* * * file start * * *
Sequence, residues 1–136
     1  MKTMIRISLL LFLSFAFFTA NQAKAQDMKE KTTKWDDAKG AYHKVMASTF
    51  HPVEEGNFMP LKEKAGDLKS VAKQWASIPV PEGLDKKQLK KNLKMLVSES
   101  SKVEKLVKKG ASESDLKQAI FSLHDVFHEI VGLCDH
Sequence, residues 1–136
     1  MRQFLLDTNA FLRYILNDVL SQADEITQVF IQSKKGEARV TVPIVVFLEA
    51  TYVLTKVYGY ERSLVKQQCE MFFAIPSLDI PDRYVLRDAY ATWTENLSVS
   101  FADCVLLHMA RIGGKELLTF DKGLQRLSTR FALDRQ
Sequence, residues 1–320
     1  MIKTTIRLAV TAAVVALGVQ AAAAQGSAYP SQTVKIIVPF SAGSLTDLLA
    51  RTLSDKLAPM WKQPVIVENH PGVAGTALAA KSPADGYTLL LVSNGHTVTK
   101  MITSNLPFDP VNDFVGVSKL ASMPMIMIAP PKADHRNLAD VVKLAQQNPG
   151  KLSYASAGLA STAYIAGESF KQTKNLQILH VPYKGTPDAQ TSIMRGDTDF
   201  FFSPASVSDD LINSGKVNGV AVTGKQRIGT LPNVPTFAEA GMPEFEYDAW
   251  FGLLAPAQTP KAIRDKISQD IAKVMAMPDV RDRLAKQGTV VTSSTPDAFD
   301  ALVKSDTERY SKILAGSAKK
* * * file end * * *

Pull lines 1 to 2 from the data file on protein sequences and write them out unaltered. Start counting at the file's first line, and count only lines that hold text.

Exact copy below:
Sequence, residues 1–136
     1  MKTMIRISLL LFLSFAFFTA NQAKAQDMKE KTTKWDDAKG AYHKVMASTF